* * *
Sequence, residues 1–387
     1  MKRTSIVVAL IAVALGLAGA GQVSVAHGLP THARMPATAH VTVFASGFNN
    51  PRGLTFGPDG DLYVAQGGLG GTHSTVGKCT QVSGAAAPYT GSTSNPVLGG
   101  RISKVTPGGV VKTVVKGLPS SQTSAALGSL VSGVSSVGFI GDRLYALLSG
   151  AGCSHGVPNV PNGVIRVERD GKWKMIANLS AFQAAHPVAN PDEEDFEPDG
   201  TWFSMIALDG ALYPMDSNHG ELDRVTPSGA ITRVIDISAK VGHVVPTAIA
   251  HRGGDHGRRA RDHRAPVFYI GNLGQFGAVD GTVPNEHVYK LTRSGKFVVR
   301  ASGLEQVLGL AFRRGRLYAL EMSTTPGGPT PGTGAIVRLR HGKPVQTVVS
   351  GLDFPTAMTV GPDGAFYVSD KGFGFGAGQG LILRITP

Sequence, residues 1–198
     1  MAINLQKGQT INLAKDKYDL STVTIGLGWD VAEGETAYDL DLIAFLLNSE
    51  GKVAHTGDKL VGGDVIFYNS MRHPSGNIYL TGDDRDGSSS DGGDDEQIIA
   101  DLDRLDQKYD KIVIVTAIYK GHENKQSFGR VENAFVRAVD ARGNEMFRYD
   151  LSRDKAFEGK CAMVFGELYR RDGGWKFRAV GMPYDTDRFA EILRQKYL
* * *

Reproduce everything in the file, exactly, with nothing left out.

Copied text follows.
Sequence, residues 1–387
     1  MKRTSIVVAL IAVALGLAGA GQVSVAHGLP THARMPATAH VTVFASGFNN
    51  PRGLTFGPDG DLYVAQGGLG GTHSTVGKCT QVSGAAAPYT GSTSNPVLGG
   101  RISKVTPGGV VKTVVKGLPS SQTSAALGSL VSGVSSVGFI GDRLYALLSG
   151  AGCSHGVPNV PNGVIRVERD GKWKMIANLS AFQAAHPVAN PDEEDFEPDG
   201  TWFSMIALDG ALYPMDSNHG ELDRVTPSGA ITRVIDISAK VGHVVPTAIA
   251  HRGGDHGRRA RDHRAPVFYI GNLGQFGAVD GTVPNEHVYK LTRSGKFVVR
   301  ASGLEQVLGL AFRRGRLYAL EMSTTPGGPT PGTGAIVRLR HGKPVQTVVS
   351  GLDFPTAMTV GPDGAFYVSD KGFGFGAGQG LILRITP

Sequence, residues 1–198
     1  MAINLQKGQT INLAKDKYDL STVTIGLGWD VAEGETAYDL DLIAFLLNSE
    51  GKVAHTGDKL VGGDVIFYNS MRHPSGNIYL TGDDRDGSSS DGGDDEQIIA
   101  DLDRLDQKYD KIVIVTAIYK GHENKQSFGR VENAFVRAVD ARGNEMFRYD
   151  LSRDKAFEGK CAMVFGELYR RDGGWKFRAV GMPYDTDRFA EILRQKYL